In addition to the principal ingredients described above, appropriate auxiliary amounts of still other materials or additives of the kinds known to be useful in epoxy resin type coating compositions may also be included in the present compositions. For instance, epoxidized linseed oil or other compatible plasticizers may be included to enhance film flexibility. Adhesion between the epoxy coating and the glass substrate can be enhanced by inclusion in the composition of a small amount, for instance, between 0.1 percent to 1.0 percent, of one of the commercially available reactive silanes such as gamma-amino propyl trimethoxy silane, gamma-amino propyl triethoxy silane, gamma glycidoxy propyl trimethoxy silane, etc.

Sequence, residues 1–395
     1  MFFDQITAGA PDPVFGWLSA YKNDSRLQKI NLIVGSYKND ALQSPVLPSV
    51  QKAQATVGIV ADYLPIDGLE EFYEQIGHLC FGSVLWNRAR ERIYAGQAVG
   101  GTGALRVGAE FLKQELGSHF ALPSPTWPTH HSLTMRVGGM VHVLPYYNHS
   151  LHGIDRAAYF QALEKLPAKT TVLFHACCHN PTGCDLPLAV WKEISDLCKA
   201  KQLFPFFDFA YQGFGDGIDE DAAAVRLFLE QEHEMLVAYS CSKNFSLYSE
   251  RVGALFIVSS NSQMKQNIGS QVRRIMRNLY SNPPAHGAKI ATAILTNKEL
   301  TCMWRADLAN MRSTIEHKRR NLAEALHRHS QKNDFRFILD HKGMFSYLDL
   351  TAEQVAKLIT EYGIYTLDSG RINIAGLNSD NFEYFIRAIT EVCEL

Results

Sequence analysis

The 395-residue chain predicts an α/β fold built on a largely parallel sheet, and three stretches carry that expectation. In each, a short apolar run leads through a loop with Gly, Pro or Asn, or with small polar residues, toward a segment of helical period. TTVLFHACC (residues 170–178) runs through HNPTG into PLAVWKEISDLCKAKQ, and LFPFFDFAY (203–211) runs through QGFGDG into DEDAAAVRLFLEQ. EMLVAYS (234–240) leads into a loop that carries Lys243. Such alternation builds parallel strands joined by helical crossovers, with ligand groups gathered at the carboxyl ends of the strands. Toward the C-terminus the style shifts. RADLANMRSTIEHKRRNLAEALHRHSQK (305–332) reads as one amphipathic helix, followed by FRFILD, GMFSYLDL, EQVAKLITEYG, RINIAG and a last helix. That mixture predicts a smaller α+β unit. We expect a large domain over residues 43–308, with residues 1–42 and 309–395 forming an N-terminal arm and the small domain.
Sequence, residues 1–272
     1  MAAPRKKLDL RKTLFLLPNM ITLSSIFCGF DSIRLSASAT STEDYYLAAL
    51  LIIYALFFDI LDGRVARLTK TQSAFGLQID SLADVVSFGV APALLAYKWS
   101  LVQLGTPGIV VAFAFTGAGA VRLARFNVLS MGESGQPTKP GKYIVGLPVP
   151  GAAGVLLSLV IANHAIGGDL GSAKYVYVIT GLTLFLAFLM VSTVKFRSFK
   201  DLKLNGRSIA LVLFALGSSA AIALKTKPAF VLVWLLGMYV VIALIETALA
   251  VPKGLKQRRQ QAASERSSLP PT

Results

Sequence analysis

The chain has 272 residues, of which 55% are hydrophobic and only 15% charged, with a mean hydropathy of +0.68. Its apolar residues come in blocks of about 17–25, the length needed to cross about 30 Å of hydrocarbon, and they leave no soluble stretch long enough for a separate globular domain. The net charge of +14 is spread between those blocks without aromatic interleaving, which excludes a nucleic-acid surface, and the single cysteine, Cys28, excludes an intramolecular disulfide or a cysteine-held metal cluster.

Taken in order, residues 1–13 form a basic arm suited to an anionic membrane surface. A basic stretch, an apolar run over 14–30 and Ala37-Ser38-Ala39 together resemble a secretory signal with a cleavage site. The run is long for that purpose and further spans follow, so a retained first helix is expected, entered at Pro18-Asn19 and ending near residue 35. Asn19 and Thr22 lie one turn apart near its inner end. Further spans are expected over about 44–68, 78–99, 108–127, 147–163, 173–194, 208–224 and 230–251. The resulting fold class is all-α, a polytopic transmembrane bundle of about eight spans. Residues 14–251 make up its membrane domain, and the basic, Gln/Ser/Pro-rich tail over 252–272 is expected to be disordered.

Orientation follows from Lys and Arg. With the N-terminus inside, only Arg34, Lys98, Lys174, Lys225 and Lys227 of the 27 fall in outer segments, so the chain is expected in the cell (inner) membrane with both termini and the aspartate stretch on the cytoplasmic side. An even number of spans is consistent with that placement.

If a particularly hard surface or if enhanced sheen is desired upon curing, the base composition may also include a hard synthetic wax that is compatible with the formulation used, e.g., a polyamide wax. Rosswax 141, which has a melt point of 141 C. and is made by the Frank B. Ross Co., Jersey City, N.J., is an example of a suitable commercial polyamide wax. Up to 5 or 10 parts of such a wax can be used per parts of epoxy resin.